India’s low cost carriers must turn profits quickly warns the Centre for Asia Pacific Aviation


(NEW DELHI: 07 September 2005) Behind the prospects for rapid growth of India's aviation market lie some major challenges, the Centre for Asia Pacific Aviation has warned. The Centre's Managing Director, Peter Harbison, stated, "India's new entrant carriers are presented with enormous opportunities, but they must maintain focus on profitability from day one".

  • India's aviation market presents significant growth opportunities but also major challenges.
  • New entrant carriers must prioritize profitability from the beginning to attract funding and survive in a competitive market.
  • Indian aviation sector offers various investment options, including planned listings and start-up carriers seeking launch funding.
  • Fuel prices, staff shortages, and infrastructure constraints at airports pose additional challenges for all carriers.
  • Indian start-ups should learn from successful low-cost carriers like Ryanair, GOL, Southwest Airlines, and AirAsia, focusing on cost control and efficient operations.
  • The upcoming Indian Subcontinent Low Cost Airline Symposium in Mumbai will gather industry leaders to discuss strategies and address profit targets, investor returns, and market differentiation.

"Investors are presented with a myriad of options in the Indian aviation sector, with planned listings by Indian Airlines, Air India, Air Deccan and Kingfisher Airways over the next 12 months and a host of start-up carriers seeking launch funding. SpiceJet only last week secured additional financing from foreign investors", he said.

"Only the most focussed and efficient operators will attract the level of funding required to survive what is likely to a brutally competitive 12 months ahead", said Mr Harbison.

The warning comes as the heads of Indian and Gulf region full service and low cost carriers prepare to assemble in Mumbai for a major low cost airline symposium in the first week of October to discuss their strategies in India's newly liberalised aviation market.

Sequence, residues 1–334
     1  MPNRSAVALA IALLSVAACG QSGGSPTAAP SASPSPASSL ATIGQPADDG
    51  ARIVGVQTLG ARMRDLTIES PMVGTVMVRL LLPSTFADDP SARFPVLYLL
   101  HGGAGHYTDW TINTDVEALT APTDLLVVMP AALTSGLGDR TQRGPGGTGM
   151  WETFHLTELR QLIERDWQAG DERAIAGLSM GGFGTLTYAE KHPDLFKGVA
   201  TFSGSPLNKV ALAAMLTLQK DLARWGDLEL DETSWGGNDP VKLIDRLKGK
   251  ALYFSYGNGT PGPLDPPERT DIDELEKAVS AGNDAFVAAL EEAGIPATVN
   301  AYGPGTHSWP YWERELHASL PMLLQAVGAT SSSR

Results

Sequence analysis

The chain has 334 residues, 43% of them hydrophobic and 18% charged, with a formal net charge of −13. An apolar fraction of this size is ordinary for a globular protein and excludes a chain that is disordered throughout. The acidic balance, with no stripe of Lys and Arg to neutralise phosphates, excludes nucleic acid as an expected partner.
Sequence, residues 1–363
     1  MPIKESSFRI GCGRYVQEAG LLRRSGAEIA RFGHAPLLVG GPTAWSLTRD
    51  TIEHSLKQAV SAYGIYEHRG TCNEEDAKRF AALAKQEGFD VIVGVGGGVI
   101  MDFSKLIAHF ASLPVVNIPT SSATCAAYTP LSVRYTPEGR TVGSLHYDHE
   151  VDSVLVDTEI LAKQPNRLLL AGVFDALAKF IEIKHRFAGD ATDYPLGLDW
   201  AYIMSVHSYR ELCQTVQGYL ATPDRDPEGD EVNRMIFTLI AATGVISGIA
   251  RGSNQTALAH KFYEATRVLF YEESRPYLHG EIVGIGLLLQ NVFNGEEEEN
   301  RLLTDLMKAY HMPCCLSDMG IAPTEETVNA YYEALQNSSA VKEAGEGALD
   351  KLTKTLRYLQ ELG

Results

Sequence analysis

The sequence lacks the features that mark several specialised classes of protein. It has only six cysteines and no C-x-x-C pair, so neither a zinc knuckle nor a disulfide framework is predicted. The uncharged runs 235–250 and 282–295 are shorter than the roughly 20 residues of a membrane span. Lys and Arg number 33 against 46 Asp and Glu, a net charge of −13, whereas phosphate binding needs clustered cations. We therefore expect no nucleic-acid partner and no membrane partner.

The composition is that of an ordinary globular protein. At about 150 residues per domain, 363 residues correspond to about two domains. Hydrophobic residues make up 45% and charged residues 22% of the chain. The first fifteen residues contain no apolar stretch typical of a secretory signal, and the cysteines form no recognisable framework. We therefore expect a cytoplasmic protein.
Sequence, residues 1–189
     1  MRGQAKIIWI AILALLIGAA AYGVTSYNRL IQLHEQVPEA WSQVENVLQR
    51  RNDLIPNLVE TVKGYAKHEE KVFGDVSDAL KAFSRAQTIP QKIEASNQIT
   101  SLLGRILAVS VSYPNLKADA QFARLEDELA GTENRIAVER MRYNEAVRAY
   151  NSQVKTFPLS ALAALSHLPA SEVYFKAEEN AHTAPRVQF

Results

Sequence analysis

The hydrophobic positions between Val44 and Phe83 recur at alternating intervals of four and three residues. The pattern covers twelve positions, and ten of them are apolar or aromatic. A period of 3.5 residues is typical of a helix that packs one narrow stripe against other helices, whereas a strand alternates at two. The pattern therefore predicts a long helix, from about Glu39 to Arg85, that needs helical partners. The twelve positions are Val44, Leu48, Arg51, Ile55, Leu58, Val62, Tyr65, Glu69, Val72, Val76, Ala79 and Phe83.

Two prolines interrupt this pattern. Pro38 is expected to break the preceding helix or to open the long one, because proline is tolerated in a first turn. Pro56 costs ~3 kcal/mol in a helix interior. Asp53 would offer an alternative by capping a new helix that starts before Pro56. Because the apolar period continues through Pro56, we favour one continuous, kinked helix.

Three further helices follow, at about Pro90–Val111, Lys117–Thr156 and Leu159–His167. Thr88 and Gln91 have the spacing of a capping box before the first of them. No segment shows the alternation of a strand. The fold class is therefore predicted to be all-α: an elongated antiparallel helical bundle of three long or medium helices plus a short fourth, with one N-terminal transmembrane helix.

"I expect some challenging questions will be asked of the speakers in terms of their profit targets, expected returns for investors and the ways they will differentiate themselves in an increasingly competitive market", said Mr Harbison, who will be delivering one of the keynote addresses at the symposium.

"Since April this year, four new Indian carriers have entered the market and seven or eight more will take off by this time next year. All carriers are hungry for capital. India's start-ups will not only be competing for passengers, but also for investment dollars", he said.

"With fuel prices near record levels and staff shortages also raising costs, all carriers will be under pressure to perform. Infrastructure constraints at India's airports also pose challenges for the sector; some airports will be big winners from the new growth, but there is a great need for new infrastructure investment too", said Mr Harbison.

"Two of the top 30 most profitable airlines worldwide are based in India - one is a full service carrier, Jet Airways, and the other is a freight operator, Blue Dart Express. India's start-ups would be wise to follow the lead of Ryanair in Europe, GOL in South America, Southwest Airlines in the US and AirAsia in the Asia Pacific region, all of which achieve consistently good profit margins through an obsession with cost control and efficient operations", said Mr Harbison. AirAsia's CEO, Tony Fernandes, will be speaking at the upcoming symposium, along with CEOs from many of the region's low cost airlines and startups.

The Second Annual Indian Subcontinent Low Cost Airline Symposium in Mumbai on 6-7 October 2005. The Symposium will be attended by delegates of every start-up airline in India, plus the key full service carriers from India and the Middle East, as well as top aviation officials and airport CEOs from across the region.

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